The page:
The renowned lug design continues to excel in delivering exceptional grip, and the cushioning makes it a breeze to handle sections of road or firm paths. In a time when we're encouraged to be more mindful of consumption if you're seeking a versatile waterproof trail shoe suitable for both stretches of road and off-road use, as well as racing, speed workouts, and trail steady runs, the Speedcross 6 is certainly worth considering.

Find women's version here


  • Quality grip
  • Light
  • Responsive


  • Others have more cushioning
  • Some may not like the lacing 

How we test waterproof trail running shoes

At LFTO, our gear testing is all about real-world performance with the ultimate objective being: does this item deliver on the promises its manufacturer made?

Regarding trail running shoes, each pair spends weeks with on of our testers who put them to work over many types of terrain and distances. Regarding waterproof trail running shoes, there is an emphasis on testing in damp conditions.

Most of the trail running shoes tested here were done by one of our staff writers, Chris Williams, who has been with us since 2021 and has several years of journalistic and outdoor industry experience.

Click here for more info on how we test gear at LFTO.

What to look for in waterproof trail running shoes

Runner wearing Saucony Peregrine 13 GTX waterproof trail running shoes standing in a puddle

Are waterproof trail running shoes worth it?

The most common criticism of waterproof trail running shoes is that rather than keeping moisture out, they trap it in. This point is a bit fatuous because all waterproof footwear (even burly hiking boots) will let moisture in if submerged above the tongue gusset and cuff.

If you're using waterproof trail running shoes through shallow puddles and wet grass, they perform very well. But if you're going somewhere that's boggy with deep puddles, they will let moisture in. However, pair them with gaiters, and you're good to go.

Are waterproof trail running shoes breathable?

Waterproof trail running shoes are breathble but not, nor ever likely to be, as breathable as non-waterproof ones.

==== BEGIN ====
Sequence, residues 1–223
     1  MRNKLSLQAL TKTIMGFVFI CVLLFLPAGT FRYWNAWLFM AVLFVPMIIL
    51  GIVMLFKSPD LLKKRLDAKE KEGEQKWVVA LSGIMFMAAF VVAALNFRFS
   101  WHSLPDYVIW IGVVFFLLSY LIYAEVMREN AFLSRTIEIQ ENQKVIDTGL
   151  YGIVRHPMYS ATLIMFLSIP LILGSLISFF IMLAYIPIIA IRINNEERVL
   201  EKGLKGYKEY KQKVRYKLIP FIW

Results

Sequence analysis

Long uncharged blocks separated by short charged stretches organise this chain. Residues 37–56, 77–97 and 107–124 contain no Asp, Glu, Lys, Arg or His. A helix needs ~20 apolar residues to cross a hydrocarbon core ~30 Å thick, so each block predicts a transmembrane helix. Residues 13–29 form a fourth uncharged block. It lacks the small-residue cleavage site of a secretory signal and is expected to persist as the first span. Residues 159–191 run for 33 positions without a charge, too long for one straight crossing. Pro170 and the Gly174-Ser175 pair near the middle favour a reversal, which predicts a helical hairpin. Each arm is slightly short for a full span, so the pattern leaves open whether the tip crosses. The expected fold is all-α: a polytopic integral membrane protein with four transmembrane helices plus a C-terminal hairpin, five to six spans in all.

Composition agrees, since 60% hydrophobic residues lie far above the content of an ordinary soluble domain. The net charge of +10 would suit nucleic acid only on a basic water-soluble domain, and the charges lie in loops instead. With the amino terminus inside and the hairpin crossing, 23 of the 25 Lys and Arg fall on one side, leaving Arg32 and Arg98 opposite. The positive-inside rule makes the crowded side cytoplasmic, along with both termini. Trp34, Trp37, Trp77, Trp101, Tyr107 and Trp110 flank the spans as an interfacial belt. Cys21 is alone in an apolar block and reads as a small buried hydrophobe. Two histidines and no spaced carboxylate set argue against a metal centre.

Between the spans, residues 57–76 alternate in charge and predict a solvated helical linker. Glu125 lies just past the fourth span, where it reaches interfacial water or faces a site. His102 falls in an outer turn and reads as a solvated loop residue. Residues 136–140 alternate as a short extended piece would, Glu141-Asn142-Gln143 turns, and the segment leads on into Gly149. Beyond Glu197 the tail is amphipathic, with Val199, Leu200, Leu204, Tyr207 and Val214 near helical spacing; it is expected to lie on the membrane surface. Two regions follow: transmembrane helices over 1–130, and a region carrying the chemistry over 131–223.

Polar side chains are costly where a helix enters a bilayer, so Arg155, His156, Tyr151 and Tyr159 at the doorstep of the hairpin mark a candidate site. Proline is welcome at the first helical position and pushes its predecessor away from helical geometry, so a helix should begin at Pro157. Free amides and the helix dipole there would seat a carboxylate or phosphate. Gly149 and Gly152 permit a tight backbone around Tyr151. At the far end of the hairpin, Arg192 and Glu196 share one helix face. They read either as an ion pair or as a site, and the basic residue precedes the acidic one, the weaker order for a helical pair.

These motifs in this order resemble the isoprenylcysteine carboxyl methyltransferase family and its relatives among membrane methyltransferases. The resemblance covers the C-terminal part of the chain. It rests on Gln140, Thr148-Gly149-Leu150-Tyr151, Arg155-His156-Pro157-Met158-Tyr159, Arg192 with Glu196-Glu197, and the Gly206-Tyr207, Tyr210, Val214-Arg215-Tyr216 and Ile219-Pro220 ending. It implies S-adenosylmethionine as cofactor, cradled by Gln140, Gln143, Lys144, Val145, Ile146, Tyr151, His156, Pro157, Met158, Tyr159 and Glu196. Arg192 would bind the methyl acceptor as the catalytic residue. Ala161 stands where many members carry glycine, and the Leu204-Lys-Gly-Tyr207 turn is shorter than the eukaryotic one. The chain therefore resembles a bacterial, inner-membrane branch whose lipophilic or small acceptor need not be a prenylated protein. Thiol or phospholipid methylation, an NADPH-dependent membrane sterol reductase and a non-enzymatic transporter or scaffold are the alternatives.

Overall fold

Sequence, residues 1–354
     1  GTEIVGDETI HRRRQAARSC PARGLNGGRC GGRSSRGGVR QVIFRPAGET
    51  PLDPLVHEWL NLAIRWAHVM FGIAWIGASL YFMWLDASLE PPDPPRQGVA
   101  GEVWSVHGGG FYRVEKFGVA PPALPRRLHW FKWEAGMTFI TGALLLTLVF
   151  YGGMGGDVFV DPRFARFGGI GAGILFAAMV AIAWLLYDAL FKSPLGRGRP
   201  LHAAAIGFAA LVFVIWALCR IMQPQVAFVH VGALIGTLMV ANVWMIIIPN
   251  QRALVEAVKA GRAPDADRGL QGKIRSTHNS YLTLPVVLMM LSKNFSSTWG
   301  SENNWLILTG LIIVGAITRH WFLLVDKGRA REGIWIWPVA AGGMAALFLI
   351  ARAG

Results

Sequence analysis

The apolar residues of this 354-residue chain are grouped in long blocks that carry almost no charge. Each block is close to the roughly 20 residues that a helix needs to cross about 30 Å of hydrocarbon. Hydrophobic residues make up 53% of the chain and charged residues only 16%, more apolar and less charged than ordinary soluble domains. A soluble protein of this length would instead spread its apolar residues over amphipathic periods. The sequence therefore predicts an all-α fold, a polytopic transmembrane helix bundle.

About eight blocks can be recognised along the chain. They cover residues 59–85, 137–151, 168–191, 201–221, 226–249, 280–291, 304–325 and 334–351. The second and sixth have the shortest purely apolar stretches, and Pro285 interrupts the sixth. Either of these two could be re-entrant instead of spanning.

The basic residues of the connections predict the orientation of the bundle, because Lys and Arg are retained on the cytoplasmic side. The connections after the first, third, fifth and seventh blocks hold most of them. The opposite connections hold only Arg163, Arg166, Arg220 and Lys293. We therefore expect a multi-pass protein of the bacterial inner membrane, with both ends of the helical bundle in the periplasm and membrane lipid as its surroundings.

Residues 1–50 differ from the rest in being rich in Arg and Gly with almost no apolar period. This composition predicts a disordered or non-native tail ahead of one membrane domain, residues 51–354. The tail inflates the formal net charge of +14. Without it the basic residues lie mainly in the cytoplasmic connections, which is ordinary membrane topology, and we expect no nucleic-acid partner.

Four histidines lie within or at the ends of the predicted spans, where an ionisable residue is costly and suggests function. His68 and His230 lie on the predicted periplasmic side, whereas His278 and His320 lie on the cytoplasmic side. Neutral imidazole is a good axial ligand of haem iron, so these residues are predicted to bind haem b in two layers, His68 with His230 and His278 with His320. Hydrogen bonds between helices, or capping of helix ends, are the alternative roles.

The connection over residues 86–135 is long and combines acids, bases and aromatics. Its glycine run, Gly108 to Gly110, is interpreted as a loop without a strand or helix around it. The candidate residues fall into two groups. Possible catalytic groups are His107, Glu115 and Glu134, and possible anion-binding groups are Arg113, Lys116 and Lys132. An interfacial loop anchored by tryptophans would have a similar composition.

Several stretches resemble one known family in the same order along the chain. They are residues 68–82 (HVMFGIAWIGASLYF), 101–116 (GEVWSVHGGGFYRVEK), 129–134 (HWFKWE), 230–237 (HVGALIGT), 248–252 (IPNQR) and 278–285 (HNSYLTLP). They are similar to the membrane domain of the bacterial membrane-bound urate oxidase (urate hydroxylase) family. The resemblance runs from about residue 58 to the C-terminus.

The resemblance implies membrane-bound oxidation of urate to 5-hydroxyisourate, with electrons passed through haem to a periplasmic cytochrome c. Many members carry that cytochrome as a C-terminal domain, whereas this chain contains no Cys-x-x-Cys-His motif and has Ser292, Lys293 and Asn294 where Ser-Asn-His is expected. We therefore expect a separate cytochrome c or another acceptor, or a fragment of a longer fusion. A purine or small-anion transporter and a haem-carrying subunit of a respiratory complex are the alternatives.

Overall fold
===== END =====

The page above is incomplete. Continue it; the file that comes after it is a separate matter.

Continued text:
Although waterproof, they are still breathable because the added waterproof lining is porous. It lets the tiny moisture vapour pass through but blocks the larger water droplets.

What other features should you look for?

Scarpa Ribelle Run Kalibra ST outsole
The Scarpa Ribelle Run Kalibra ST has 5mm lugs for muddy terrain ©LFTO

Cushioning: The jury is out on this one. Some may prefer softer rides (Hoka tend to top that chart), while others opt for a firmer under foot feel. It’s your call, although muddier runs do tend to lend themselves to firmer rides.

Drop: Drop refers to the height difference between the heel and forefoot of the shoe. The closer you get to a zero drop (0mm), the closer the shoe is to a barefoot style of running.

Shoes with a low drop (under 6mm) suit runners who strike the ground with the forefoot or midfoot first. Shoes with a larger drop suit heel-strikers better.

Grip: Lug patterns vary to suit different terrain. Shallower, more closely spaced lugs suit hard-packed terrain better because they provide more surface area contact. Those that excel on soft ground and mud have deeper, more widely spaced lugs.

Lacing systems: Traditional tends to be favourite, but BOA and Salomon Quicklace-style systems are easier to use in really wet conditions if your shoes need adjusting enroute.

Fit: Shoes have different shapes and therefore suit different feet. Some brands make narrower or wider shoes than others - some models come with regular and wide fits.

What you want is a secure fit around the heel and good width in the forefoot. Feet swell a bit when running and walking so you need to allow about a thumb's width of space at the toe and be able to get a finger down each side of your Achilles tendon.

Waterproof trail running shoe care and cleaning

Going through a puddle wearing waterproof trail running shoes

All outdoor footwear needs cared for if you want them to perform as well as they can for as long as they can. This is particularly true of waterproof outdoor footwear because in order for the waterproof lining to remain waterproof and breathable, it needs to be cleaned on a semi-regular basis.

This is very easy to do. All that's required is a couple of footwear cleaning products (see what we recommend below). One for cleaning the footwear fabric, the other for rejuvenating the water repellency.

Best footwear cleaner

Grangers Footwear + Gear Cleaner 275ml
Price: $15.29

Eco-friendly, PFC-free footwear and gear spray-on spot cleaner. It's versatile and can be used on almost all your gear, for those smaller stains and marks.


  • Effective
  • Eco-friendly
  • Easy to use


  • Can go through it quite quickly

Best footwear reproofer

Grangers Footwear Repel Plus 275ml

Rrp: $17.95

Price: $15.50
Alternative retailers
Walmart$34.58View offer

Eco-friendly, PFC-free footwear spray-on reproofer. The Footwear Repel Plus from Grangers is our pick for a cleaning spray that can cover a wide range of fabrics and membranes, including Gore-Tex.


  • Effective
  • Eco-friendly
  • Easy to use


  • Can go through it quite quickly

Best footwear care kit

Leather and fabric footwear care kit including brush and dry bag. The sustainability credentials on this care kit are great, and the included dry bag becomes a big help on multi-day hikes or camping trips.


  • Full footwear cleaning kit even for leather
  • Eco friendly
  • Dry bag


  • Can go through the sprays quite quickly